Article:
Mick Jagger finds he can get some satisfaction - from acting

March 6 (Reuters) - No matter if he is rocking out before an arena packed with tens of thousands of fans or acting in an indie film, Mick Jagger says the experience is essentially the same: He's still performing.

Jagger's latest acting gig, in the independent thriller "The Burnt Orange Heresy," finds the 76 year-old musician playing a wealthy art collector Joseph Cassidy, who asks an art critic to steal a painting from a reclusive artist.

The movie, also starring Donald Sutherland and set in a villa on Lake Como, opens in New York and Los Angeles on Friday.

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Enjoying the sunshine

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At just two scenes, it's Jagger's biggest movie role since 2001, when he played an elegant Brit running a high-class escort service in "Elysian Fields."

From uncredited "soldier in a bar" to starring as Australian outlaw Ned Kelly in 1970, Jagger says acting is one of his many interests outside rock and roll.

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Time to get back to it! #stonesnofilter

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"Acting is not a huge part of my life, but when I get to do it, I always enjoy it," Jagger told Reuters.

"It's another kind of performing. I'm up for doing things that interest me, whether it's acting, music, comedy, whatever," he said

With swept back hair and elegant suits, Jagger is barely recognizable in "The Burnt Orange Heresy" as the dancing, jeans-clad frontman of the Rolling Stones. "I only have two scenes, and you've really got to make the most of it. I didn't think it was too much of a stretch for me," said Jagger.

"I thought it was a character I could bring something to... I thought, I have seen people like this. I think I could be this manipulative person and make this work," he said.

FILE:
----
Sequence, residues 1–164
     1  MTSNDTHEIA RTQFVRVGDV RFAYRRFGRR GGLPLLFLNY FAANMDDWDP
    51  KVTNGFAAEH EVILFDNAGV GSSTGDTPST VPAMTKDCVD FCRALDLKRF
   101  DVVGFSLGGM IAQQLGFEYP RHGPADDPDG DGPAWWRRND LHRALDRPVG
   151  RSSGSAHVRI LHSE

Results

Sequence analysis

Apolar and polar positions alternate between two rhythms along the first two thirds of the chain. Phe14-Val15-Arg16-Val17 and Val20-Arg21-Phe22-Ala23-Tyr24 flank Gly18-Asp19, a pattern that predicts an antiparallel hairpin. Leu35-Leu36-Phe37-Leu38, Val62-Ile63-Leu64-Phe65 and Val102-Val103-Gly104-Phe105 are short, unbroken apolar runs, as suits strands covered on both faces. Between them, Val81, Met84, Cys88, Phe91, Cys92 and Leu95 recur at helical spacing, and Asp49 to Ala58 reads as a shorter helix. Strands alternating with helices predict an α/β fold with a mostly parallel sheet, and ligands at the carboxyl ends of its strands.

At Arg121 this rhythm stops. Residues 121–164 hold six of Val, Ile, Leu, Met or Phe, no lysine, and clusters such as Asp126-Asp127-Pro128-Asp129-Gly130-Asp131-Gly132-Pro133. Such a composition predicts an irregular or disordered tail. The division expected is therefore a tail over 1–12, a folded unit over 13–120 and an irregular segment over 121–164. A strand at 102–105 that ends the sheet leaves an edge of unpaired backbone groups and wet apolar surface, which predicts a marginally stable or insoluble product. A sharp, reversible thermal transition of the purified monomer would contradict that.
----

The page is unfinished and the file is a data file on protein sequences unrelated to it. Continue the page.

Since 1970, when Jagger had starring roles in "Performance" and "Ned Kelly," most of his roles have been supporting parts in indie movies or uncredited roles.

"I wish I'd done a bit more, and I wish I'd got better roles. (But) I'm a working musician. I'm not out there hustling acting parts much," he said.

Jagger said that when he was in his 20s and early 30s, it was harder for musicians to make the transition to acting.

"People didn't want to take you seriously. They thought you would be flaky, that you wouldn't turn out, or you wouldn't be doing the craft right, and why take a chance. Now it's a lot easier for people to do both."

Jagger said he has had no long-term effects from the heart valve replacement surgery he underwent in April 2019. He was back on stage two months later, and the Stones go back on the road in the United States in May.

Fans will have to wait longer for the band's much talked-about first album of new music since 2005.

"Don't hold your breath!" Jagger said. "I've been writing a lot, and I've done a load of demos and the Stones have recorded some really nice things. But we haven't finished the album yet, so I've got no date for that." (Reporting by Jill Serjeant; Editing by Cynthia Osterman)